Articles Posted in Grand Larceny

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Sentencing for a Grand Larceny, as with most theft-related crimes, depends largely on the amount of money alleged to have been stolen by a defendant. New York Grand Larceny Charges are brought as felony criminal charges and are used to prosecute any theft over $1,000. Petit Larceny, theft under $1,000, is prosecuted as a misdemeanor offense.

The law does not outline specific sentences for the various classifications of grand larceny; rather, judges are given discretion within the limitations outlined by the statute. There are a variety of factors which will likely weigh in on a grand larceny sentencing decision; some of these such factors are:

• Prior criminal record

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When a Simple Petit Larceny or Petty Theft Becomes a Felony Grand Larceny in New York:

The laws governing larceny will usually contain sentencing options, either a list of possible sentences or a range of years, as well as fines or other alternative sentences. Judges can determine the appropriate sentence by examining the facts of the case and choosing the best penalty that falls within the bounds of the statute.

In a larceny case, the type of larceny will also greatly influence the severity of the sentence. Grand larcenies carry much longer sentences than do petit (or “petty”) larcenies. Some states also impose different sentences based on the type of item that the defendant stole.

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Criminal tampering, applies when someone breaks a payphone, or unlawfully tampers or makes a connection with property of a gas, electric, sewer, stream, water-works, or with the property of any public carrier or a public utility operated by a municipality or district.

Under the New York Penal Law, a person is guilty of Tampering with Public Records in the Second Degree when, knowing that he does not have the authority of anyone entitled to grant it, he knowingly removes, mutilates, destroys, conceals, makes a false entry in or falsely alters any record or other written instrument filed with, deposited in, or otherwise constituting a record of a public office or public servant. Tampering with Public Records in the Second Degree is a class A misdemeanor punishable by up to one year in jail.

A person is guilty of Tampering with Public Records in the First Degree when, knowing that he does not have the authority of anyone entitled to grant it, and with intent to defraud, he knowingly removes, mutilates, destroys, conceals, makes a false entry in or falsely alters any record or other written instrument filed with, deposited in, or otherwise constituting a record of a public office or public servant. Tampering with Public Records in the First Degree is a class D felony punishable by up to seven years in state prison.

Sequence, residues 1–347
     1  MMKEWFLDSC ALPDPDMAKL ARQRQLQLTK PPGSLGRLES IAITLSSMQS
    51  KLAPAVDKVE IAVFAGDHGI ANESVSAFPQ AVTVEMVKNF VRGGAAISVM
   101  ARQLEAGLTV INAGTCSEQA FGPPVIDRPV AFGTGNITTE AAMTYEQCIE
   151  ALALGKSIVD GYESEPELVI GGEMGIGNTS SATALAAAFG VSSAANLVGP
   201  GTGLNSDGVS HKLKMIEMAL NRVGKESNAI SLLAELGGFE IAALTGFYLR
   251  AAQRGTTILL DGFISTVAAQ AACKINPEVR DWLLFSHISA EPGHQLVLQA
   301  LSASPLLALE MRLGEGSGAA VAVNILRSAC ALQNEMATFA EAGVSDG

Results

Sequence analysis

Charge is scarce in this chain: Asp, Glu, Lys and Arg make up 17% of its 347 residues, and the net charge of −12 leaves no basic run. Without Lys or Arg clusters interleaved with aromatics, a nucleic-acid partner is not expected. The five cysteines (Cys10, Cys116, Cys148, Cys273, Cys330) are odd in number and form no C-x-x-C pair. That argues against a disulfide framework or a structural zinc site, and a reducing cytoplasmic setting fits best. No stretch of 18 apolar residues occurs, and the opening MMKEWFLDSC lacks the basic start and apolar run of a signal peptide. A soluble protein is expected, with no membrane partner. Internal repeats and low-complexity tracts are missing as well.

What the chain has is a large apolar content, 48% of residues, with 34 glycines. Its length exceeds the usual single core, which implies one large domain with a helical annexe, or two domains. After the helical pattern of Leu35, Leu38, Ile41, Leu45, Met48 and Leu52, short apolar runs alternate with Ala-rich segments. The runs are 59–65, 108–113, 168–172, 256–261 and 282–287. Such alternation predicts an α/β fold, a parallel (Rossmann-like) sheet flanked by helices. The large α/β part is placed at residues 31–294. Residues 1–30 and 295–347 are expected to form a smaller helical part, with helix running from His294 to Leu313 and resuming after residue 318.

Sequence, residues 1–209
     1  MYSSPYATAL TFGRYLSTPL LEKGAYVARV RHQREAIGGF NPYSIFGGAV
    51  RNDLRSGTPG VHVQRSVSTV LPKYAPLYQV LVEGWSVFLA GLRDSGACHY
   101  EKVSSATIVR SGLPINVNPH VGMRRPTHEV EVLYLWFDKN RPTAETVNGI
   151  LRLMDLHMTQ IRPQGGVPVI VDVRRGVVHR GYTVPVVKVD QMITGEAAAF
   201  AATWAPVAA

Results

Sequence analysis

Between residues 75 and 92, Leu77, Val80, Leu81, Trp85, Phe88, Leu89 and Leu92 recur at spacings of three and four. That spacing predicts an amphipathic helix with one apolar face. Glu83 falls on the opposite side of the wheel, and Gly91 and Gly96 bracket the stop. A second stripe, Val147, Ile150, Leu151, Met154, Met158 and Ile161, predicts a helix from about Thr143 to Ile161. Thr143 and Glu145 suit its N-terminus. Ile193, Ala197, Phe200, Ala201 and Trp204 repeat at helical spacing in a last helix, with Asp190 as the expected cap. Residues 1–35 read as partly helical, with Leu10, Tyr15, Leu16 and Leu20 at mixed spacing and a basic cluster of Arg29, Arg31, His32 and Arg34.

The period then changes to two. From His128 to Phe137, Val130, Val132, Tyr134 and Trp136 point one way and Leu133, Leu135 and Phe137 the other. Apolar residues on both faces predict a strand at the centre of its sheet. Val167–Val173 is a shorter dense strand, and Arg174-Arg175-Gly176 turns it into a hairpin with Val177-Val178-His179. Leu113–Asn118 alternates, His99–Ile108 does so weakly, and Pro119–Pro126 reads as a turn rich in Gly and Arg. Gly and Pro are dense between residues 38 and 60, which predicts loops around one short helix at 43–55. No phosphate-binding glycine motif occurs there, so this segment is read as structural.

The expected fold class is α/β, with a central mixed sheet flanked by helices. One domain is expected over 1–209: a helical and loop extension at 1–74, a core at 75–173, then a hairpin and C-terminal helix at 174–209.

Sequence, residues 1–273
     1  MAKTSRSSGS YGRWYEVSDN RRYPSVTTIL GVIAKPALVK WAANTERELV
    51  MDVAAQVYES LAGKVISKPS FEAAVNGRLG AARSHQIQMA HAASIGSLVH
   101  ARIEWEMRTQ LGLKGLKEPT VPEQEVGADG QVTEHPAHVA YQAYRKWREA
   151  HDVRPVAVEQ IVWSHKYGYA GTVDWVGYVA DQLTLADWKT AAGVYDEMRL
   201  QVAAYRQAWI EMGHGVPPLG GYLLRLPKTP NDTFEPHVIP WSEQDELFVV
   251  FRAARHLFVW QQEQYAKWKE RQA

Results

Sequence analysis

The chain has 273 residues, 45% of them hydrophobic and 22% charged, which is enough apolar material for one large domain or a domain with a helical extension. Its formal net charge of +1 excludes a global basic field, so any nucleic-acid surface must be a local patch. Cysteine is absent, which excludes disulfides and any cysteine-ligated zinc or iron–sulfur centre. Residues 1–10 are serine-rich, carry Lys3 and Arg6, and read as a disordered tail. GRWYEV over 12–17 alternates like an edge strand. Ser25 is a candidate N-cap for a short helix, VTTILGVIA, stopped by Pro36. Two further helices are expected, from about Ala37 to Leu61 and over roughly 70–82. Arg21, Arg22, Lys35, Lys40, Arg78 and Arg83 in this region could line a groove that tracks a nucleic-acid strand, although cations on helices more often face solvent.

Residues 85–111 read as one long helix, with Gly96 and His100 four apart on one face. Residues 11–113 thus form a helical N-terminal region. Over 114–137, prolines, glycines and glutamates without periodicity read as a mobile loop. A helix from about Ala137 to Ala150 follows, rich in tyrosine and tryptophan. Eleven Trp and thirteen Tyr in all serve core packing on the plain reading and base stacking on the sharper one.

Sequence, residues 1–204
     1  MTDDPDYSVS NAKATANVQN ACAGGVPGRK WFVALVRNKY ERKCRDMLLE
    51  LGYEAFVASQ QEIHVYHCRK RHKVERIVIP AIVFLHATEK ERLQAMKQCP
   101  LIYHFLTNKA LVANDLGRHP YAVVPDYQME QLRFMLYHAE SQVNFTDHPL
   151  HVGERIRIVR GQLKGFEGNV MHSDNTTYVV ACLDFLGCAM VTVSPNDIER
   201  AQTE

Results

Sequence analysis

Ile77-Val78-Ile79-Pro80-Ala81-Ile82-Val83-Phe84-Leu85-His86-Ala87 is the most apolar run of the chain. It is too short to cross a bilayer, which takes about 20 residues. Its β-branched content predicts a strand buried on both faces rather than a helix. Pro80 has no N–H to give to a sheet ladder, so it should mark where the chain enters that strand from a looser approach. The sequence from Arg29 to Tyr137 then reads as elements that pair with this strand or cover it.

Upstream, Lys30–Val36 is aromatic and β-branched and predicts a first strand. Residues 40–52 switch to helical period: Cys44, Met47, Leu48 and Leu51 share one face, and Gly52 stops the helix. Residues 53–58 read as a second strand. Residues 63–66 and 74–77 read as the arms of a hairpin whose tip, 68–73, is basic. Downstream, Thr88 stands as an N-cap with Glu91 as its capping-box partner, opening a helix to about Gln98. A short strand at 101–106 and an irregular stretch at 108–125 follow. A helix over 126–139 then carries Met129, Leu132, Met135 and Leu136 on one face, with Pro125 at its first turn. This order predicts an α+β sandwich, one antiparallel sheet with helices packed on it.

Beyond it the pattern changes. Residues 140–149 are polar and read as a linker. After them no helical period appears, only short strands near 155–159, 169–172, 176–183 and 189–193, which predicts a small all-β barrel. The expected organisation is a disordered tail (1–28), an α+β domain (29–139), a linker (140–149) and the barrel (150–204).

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In this case, Defendant has failed to allege facts that would amount to denial of effective assistance of counsel. Contrary to Defendant’s claim, it is well established that the failure to advise a criminal defendant of potential future sentence enhancements does not render a guilty plea invalid (see People v. Pierre, 80 AD3d 441 [1st Dept 2011]; People v. Watkins, 244 AD2d 269, 270 [1st Dept 1997]. Moreover, a defendant need not be advised of the collateral consequences of his guilty plea such as, “loss of the right to vote or travel abroad, loss of civil service employment, loss of a driver’s license, [and] loss of the right to possess firearms” (see People v. Ford, 86 NY2d 397, 403 (1995), overruled on other grounds by People v. Peque, 22 NY3d 168 [*3](2013). [FN2] Thus, even if true, Defendant’s allegations would not demonstrate ineffective assistance of counsel. Accordingly, based on the foregoing, Defendant’s motion to vacate his conviction is denied without a hearing.

In another case decision, defendant a money adviser at JP Morgan Chase, pleaded guilty earlier today to Grand Larceny after admitting she stole over $100,000 from a client. According to reports, her scheme involved creating an ATM card for the client’s account without his knowledge. At her sentencing, defendant will receive 5 years probation and shall be required to pay back her ill-gotten gains by a specified date.

As a former Manhattan prosecutor who served in the same office that prosecuted defendant, I handled Fraud and Grand Larceny cases well into the multiple millions of dollars. As a criminal defense attorney I have represented clients in Grand Larceny crimes ranging from the tens of thousands of dollars to multiple millions of dollars. Even though I have handled cases on each side of the law, every case requires a unique defense. It is likely that the “paper trail” of evidence was overwhelming in defendant’s case and her approach to the case was to try to mitigate her crime. Was defendant dealing with substance abuse or mental health issues at the time she perpetrated the crime? Did defendant show remorse for her actions? What was her ability to repay back the victim and was he “on board” with the plea? All of these issues, and many more, were likely addressed and presented favorably to the District Attorney’s Office.